Research provides important step in better UK strangles surveillance

  • NEW data about strangles in horses has provided a “stepping stone” to better disease surveillance in the UK.

    Last month researchers published the Surveillance of strangles in UK horses between 2015 and 2019 based on laboratory detection of Streptococcus equi, which aimed to provide “important insights” into the diagnosis and clinical features of strangles in horses. During the study period,1,617 laboratory-confirmed diagnoses occurred from samples submitted by 315 vet practices across the UK.

    Reasons for sampling horses included strangles being specifically suspected, horses presenting as clinically ill, respiratory infection screening and post-infection screening. The most frequently reported clinical sign was nasal discharge, followed by a raised temperature. Regions with the highest number of diagnoses included North Yorkshire, Staffordshire and West Sussex, but the researchers believe that the true number and location of UK horses remain poorly understood owing to limitations on the current equine ID system.

    Royal Veterinary College PhD student Abigail McGlennon, who led the research and last year launched an online strangles surveillance tool based on laboratory diagnoses, told H&H the data was the “stepping stone” to creating the tool, and provides information for vets and owners on what to look out for.

    “When you look at some of the more traditional publications surrounding strangles you always get the description of horses that are really poorly with massive abscesses but one of the things we found, when looking at the clinical signs reported, was that the most frequent were a mixture of pyrexia [a raised temperature of above 38.5°C], nasal discharge and coughing. These signs are less specific compared to the classical signs so that’s definitely something owners should be aware of,” she said.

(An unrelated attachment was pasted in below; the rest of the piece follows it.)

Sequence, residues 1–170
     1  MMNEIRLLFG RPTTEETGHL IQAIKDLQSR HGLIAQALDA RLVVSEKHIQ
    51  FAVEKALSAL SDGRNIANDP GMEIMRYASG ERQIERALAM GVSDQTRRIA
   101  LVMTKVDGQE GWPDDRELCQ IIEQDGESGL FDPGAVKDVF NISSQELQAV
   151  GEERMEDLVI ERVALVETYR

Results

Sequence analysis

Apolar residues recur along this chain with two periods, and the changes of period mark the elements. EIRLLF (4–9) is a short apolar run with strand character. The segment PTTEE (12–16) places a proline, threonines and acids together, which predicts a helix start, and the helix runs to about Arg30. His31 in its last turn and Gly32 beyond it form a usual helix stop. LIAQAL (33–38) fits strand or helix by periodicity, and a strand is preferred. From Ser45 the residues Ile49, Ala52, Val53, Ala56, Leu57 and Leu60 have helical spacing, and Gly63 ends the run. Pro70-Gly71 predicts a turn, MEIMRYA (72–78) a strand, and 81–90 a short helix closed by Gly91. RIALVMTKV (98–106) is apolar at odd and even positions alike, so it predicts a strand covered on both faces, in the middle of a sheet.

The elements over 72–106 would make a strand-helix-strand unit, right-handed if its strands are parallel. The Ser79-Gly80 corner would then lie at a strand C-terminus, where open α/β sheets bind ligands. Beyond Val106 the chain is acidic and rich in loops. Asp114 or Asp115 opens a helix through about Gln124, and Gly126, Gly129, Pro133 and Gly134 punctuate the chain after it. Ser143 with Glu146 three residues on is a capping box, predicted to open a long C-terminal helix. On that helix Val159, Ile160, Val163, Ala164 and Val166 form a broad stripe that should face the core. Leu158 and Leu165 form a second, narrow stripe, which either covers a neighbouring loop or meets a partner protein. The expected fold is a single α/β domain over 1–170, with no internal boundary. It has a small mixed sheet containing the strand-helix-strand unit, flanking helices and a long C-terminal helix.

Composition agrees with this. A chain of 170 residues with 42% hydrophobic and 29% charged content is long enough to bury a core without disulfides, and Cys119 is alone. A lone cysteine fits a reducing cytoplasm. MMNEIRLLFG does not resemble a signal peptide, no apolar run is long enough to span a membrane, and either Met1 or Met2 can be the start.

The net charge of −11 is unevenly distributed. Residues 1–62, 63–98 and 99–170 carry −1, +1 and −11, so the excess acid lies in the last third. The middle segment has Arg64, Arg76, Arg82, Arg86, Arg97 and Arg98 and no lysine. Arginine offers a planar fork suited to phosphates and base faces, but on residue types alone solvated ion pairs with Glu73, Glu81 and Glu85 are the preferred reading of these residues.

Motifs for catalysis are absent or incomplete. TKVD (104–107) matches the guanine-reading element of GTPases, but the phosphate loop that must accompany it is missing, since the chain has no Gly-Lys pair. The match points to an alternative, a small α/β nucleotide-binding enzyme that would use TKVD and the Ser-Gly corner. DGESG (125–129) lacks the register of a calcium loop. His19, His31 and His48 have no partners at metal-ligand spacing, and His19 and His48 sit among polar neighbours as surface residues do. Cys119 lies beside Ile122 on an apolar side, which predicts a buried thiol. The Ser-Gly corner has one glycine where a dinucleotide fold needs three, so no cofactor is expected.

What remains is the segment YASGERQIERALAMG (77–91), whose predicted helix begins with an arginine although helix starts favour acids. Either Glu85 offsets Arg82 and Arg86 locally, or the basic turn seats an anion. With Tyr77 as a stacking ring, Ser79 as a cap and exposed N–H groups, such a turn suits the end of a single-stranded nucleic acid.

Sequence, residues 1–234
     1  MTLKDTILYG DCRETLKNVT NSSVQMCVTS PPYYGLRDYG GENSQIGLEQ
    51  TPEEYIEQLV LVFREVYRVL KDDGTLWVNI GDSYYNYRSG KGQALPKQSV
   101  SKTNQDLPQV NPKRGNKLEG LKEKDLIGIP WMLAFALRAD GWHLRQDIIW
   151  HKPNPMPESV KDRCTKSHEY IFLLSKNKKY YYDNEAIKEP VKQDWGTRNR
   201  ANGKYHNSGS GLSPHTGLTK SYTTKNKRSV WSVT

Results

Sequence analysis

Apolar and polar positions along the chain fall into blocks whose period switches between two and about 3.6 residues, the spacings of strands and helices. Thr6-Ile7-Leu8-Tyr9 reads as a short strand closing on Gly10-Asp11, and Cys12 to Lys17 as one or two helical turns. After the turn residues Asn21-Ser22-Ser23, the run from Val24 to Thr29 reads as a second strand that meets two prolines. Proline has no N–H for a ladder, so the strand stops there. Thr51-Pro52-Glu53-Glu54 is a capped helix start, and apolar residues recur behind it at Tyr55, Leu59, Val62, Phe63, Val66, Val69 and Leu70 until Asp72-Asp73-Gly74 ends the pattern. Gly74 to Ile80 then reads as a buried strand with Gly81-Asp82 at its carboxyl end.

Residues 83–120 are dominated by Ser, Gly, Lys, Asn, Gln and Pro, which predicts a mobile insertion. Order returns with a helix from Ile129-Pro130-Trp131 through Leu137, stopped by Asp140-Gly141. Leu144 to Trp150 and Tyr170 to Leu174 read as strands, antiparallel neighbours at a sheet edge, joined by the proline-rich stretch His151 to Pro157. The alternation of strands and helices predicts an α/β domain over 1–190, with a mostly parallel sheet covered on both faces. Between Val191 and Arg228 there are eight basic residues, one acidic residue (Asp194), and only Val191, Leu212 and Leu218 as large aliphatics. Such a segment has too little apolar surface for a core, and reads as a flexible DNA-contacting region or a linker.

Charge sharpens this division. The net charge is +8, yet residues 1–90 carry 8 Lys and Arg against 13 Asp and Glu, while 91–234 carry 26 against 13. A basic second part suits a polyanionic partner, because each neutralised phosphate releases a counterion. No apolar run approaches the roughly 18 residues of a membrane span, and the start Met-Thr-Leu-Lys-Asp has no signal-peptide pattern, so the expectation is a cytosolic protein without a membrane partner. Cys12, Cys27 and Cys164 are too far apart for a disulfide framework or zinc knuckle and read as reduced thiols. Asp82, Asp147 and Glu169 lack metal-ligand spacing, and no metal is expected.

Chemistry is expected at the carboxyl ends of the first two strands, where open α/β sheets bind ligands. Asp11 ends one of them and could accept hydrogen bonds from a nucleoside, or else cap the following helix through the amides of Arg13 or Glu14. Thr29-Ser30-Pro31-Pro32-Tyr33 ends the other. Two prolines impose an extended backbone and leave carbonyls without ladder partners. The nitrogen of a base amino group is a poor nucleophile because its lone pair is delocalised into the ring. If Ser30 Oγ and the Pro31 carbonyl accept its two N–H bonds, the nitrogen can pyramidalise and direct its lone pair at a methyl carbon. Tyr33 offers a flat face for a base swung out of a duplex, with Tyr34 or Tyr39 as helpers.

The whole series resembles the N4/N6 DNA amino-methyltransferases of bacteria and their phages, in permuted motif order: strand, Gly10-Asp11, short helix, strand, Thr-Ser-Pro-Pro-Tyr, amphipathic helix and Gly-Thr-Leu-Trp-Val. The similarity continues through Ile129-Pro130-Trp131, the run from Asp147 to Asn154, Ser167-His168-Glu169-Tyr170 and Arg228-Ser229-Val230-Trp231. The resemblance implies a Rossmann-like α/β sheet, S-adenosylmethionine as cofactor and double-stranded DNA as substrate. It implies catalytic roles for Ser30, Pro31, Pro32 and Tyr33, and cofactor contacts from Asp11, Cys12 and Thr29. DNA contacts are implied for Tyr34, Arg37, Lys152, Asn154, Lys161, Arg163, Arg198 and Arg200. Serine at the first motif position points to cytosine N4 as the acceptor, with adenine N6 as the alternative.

“If an owner notices their horse is a little under the weather with a snotty nose and raised temperature it’s very important to immediately put in place biosecurity measures. These reports of early signs could mean that owners are actually more vigilant and are noticing their horse looking under the weather and calling the vet out, or it could be that the types of the strains of the bacteria that causes strangles might not be as strong as they used to be, and are causing milder clinical signs. It’s an interesting finding for owners to look out for.”

    Ms McGlennon said it’s important for owners to be proactive with biosecurity, rather than reactive.

    “It’s better to have protocols in place and it will often save owners a lot of money in the long run if they have procedures running in the background, rather than having to act in the face of an outbreak,” she said, adding that the stigma around strangles is improving thanks to work including the annual Strangles Awareness Week.

    “If owners are in the unfortunate situation where their horse catches strangles, there are a lot of resources out there. People are willing to help so it’s important to reach out to that support system.”

    The Horse Trust funded the study and the charity’s director of research and policy, Jan Rogers, told H&H that as strangles is not a notifiable disease, it is down to the whole horseworld to manage the spread, as well as it can.

    “As an industry we have been asking for the digital identification of horses and while we have the Central Equine Database, which is very good, it’s only as good as the data that’s in it. If owners could update their details online people would be more likely to keep them up to date,” she said. “Once you have a central system with up-to-date information, that would be a good mechanism for diseases to be tracked and traced, and for other databases such as the strangles surveillance system to be linked. If you can tell people where disease is happening then we can make people more aware.”

    The Horse Trust’s chief executive Jeanette Allen added the research is an “exciting step towards something that could be outstanding”.

    “In the UK we have the expertise and a vibrant equine industry and I can potentially see us having a world-leading surveillance system that could be available on every interested party’s mobile phone,” she said.

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